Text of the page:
Diamond Products Announces the CC80 Low Profile Floor Grinder Diamond Products expands its offering of grinding equipment with the introduction of the CC80 low-profile floor grinder. The CC80 grinds, cleans, levels and smoothes bumps and uneven concrete areas quickly. The grinder has a low-profile grinding disc guard, enabling the operator to reach under obstructions, and is capable of removing paint, epoxies and rough spots. The CC80 features a 2 horsepower Baldor electric motor at 115 volts with a 16 amp current. The unit also has an adjustable rear axle and an 8-inch disc capacity, with a grinding disc included. For more information, contact Diamond Products at 800-321-5336.
4 8 | d e ce mber.08
ICS Pairs the Strength of FORCE4™ with the Portability of a Gas Saw ICS announces the release of the 633F4 concrete chain saw, the first gaspowered saw to use their new FORCE4™ diamond chain. FORCE4™ is the newest development in diamond chain from ICS, designed to be the strongest diamond chain on the market. The difference is easy to spot: a much larger chassis provides 50% more tensile strength than standard diamond chain. The 633F4 gives the superior strength of FORCE4™ the portability and ease-ofuse that is a trademark of ICS gas-powered concrete chain saws. Based on the popular 101 cc, 6.5 hp 633GC concrete chain saw, the F4 package comes standard with a FORCE4™ sprocket, FORCE4™ 14- or 16-inch guidebar and ProFORCE™ diamond chain. The 633F4 features slurry-resistant crankshaft sealing, dust-proof air filtration and water-resistant electronic ignition. A wet cutting system that can be supplied by a standard garden hose reduces hazardous dust while a built-in WallWalker™ provides leverage to reduce fatigue and extend chain life. The 633F4 is able to plunge cut up to 16 inches deep and make perfectly square openings with no overcuts. For more information, call 800-321-1240 or go to www.icsbestway.com.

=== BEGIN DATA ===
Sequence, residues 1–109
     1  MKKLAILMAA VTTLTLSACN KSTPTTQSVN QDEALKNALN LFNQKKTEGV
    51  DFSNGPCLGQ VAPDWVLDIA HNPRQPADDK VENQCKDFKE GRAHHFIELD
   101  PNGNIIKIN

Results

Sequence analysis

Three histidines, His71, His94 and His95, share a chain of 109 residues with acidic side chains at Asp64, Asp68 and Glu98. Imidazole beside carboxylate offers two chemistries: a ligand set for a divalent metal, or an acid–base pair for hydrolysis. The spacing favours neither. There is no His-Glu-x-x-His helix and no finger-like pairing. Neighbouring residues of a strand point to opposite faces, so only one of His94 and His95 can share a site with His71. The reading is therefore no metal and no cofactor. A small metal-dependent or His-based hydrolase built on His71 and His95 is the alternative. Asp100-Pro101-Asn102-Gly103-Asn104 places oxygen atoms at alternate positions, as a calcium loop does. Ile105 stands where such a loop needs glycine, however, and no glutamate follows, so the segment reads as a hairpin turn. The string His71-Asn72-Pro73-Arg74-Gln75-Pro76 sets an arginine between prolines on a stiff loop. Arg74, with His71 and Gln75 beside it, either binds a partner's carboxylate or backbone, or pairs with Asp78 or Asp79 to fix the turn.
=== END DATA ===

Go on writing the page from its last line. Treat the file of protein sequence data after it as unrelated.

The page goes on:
K2 Diamond Introduces the K2-4000 Self-Propelled Concrete Saw K2 Diamond will introduce a new line of water-cooled gas and diesel concrete saws at the World of Concrete. The K2-4000HY and 4000KB are the latest additions to the K2 Diamond concrete saw line. The new K2-4000HY features a Hyundai 1.6L 4 cylinder water cooled engine with 48 hp output. The low vibration water cooled engine, meets all California and Federal emission standards. The new K2-4000KB features a Kubota 1.5L 4 cylinder turbocharged, water-cooled engine, with 44 hp of output. Kubota’s new E-TVCS (Three Vortex Combustion System) provides clean, quiet, low vibration power. Both saws have a new on-board, computer-controlled, fuelinjection system which monitors and adjusts fuel flow for optimum